Thursday, May 26, 2016

Book 7 of 2016 -- The Abundant Community


John McKnight and Peter Brock (San Francisco: Barrett-Koehler Publishers) 170 pages

What does it take to build a strong community? What gets in the way of that happening?

It occurs to me that these are two key questions that we, as churches and as communities in general, need to take seriously as we try to imagine what sort of a society we want to live in. Because, to be brutally honest, I am feeling more and more that the idea of community is falling more and more by the wayside with each passing decade. Maybe it is because of the drive to be “productive”. Maybe it is because we have decided to over-schedule ourselves. Maybe it is because we don't trust the people around us anymore (although arguably that is also a result of not having strong community-mindedness – bit of a chicken/egg spiral there) and so often believe that we are to live in a level of fear all the time. Maybe it is because we are so much more of a mobile (or even transient) society – building strong community often takes time and rootedness. Maybe it is because, as McKnight and Brock claim, we have moved from being 'citizens' to being 'consumers'.

At any rate, it is harder and harder to find people who live in a truly encompassing and supportive community. 20 years ago when I was working in a crisis nursery I quickly learned some of the costs of that lack of community. When I was growing up there were a number of people (largely from the church congregation in our case) who could care for my sister and I in case of emergency (or in the case of a planned trip) or people who could share each others' struggles and offer wisdom and support. The people I was talking to on a crisis line had no-one. The lack of community put them into an even deeper crisis. And even then, in the 1970's and 80's I think we could see that community was different than it had been for my grandparents' generation.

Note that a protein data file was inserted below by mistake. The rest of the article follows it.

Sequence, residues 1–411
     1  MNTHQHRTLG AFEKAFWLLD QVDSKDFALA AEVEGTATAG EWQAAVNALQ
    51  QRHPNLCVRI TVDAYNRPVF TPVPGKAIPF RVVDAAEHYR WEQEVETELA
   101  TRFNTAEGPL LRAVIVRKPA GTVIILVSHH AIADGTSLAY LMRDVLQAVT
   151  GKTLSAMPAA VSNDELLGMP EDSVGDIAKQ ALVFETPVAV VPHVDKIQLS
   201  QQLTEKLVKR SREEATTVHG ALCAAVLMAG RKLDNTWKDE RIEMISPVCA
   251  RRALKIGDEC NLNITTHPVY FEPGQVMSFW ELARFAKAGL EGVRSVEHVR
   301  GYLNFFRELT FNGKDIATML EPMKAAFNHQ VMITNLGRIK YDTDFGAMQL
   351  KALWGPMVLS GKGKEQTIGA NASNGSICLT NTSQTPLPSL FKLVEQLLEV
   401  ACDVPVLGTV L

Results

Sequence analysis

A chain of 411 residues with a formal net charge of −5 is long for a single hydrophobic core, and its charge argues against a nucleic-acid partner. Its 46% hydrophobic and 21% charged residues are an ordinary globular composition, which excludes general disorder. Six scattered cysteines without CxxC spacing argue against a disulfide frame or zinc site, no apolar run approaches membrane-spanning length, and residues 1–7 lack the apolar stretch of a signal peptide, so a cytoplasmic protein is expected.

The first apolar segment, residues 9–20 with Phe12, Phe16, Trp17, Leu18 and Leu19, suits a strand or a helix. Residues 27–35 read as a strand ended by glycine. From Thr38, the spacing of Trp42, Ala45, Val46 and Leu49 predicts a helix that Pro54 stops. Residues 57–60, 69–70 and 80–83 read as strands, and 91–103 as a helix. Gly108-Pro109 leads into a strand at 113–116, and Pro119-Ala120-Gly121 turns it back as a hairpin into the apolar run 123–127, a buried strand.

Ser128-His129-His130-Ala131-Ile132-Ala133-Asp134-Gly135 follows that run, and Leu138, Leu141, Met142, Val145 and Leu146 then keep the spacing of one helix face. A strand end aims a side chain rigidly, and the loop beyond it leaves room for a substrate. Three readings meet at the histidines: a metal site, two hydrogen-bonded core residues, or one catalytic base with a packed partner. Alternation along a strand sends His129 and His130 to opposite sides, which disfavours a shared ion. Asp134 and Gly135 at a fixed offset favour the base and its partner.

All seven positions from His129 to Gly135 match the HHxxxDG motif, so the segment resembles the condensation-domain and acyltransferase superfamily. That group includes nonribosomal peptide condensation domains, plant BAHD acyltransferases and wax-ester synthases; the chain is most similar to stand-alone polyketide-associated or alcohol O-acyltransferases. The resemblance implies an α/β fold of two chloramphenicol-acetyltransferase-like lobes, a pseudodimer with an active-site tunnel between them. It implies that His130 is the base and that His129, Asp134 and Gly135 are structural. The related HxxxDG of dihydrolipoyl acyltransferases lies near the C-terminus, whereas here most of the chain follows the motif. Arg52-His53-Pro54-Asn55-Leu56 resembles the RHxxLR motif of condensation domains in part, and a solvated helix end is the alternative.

In this volume McKnight and Brock begin by outlining the difference between living as 'citizens' where we take ownership for issues, where we live in a more community-building mindset and living as 'consumers' where we go out to buy goods and services to resolve our issues (or possibly to hide from them), where we rely on professionals rather than the community. They suggest that in following the path into consumers we have put much of the strength and wisdom of the community behind us, that maybe we have even lost much that used to come naturally to us as people. They then lay out an alternative way of life, and start to give the readers a map that would take us back to living in the “abundant [and competent] community” where we re-learn that we have the gifts and tools and skills within our communities and associations to live healthy productive lives.

Over and over as I was reading this book two thoughts occurred to me. One was that this is the sort of book that municipal politicians need to read. If we want our communities to be stronger than our leaders need to see a different way of building them. The other is that these are the sorts of things that communities of faith should be doing almost automatically. The church can be a force for modelling a different for of interaction. Much of it we still do just because that is how we are. I fear that we are, even in the church, starting to lose the full sense of what community can be and accomplish.

One of the challenges of following this approach in this century, I think, is going to lie in how we define community. Is it the neighborhood in which we live? Yes, and much of what McNight and Brock talk about works well in that milieu. Is it the groups of which we are a part? Yes (they talk of these as our associations). BUT community today is also something different and broader when we consider the on-line world. In many ways the whole on-line phenomenon is a product of the consumer mindset. But can it also be placed into the paradigm of the abundant, caring community? And how? It would be interesting to ask the authors that question....

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